The first snow of winter is falling in Shady Side this morning. This seems an auspicious moment to share the news that my mixed-media canvas Storm, Naval Research Station has been selected for the Juried MFA Winter Member Show. I’m in good company. You may view the accepted works here: Maryland Federation of Art Juried Show
This is my first showing of new work since our move from New Mexico.
I finished working on this storm painting in April of 2017. The title references the Chesapeake Bay Detachment of the U.S.Naval Research Laboratory (USNRL).
From the USNRL site: “The Chesapeake Bay Detachment occupies a 168-acre site near Chesapeake Beach, Maryland, . . . Because of its location high above the Chesapeake Bay on the western shore, unique experiments can be performed in conjunction with the Tilghman Island site 16 km across the bay from CBD. Some of these experiments include low clutter and generally low background radar measurements. By using CBD’s support vessels, experiments are performed that involve dispensing chaff over water and radar target characterizations of aircraft and ships.”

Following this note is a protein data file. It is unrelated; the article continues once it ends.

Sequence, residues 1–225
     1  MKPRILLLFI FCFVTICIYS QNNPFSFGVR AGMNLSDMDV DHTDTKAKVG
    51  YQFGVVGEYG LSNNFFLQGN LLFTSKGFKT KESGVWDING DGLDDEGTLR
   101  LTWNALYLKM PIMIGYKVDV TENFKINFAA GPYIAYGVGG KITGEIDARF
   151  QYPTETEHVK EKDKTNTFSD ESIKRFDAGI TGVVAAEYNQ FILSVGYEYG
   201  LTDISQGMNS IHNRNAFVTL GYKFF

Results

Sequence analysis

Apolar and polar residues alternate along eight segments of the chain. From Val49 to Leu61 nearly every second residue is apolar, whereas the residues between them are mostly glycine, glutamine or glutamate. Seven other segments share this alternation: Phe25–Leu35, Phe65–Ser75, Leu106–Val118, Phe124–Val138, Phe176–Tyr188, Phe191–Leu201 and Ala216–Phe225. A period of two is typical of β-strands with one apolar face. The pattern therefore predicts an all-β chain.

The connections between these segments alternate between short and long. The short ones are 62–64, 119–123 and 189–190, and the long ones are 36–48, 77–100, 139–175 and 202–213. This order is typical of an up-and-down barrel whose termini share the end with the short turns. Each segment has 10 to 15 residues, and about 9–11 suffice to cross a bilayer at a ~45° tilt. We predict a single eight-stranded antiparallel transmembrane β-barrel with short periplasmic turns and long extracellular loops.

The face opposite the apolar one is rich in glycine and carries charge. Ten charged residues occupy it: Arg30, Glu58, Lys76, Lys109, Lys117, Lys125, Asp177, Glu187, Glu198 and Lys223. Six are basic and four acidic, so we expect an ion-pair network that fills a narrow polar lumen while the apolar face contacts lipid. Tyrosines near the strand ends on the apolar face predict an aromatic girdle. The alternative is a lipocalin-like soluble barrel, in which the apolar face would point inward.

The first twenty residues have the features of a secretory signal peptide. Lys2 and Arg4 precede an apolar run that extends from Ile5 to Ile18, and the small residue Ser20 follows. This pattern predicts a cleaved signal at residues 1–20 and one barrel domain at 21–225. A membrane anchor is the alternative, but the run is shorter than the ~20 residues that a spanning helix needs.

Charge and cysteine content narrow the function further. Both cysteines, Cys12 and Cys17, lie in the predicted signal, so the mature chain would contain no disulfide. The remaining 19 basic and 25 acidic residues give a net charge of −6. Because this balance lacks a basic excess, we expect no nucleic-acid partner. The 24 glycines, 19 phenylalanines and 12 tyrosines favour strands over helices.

It’s all in there, right? While witnessing a Chesapeake Bay storm in spring. Chaff over Water would make a good title!
I regularly pass the lab making the hilly drive on Maryland 261, traveling the forested “back way,” from Solomons, Maryland to the Chesapeake Beach Railway Museum.
Thank you juror Kim Banister and the Maryland Federation of Art: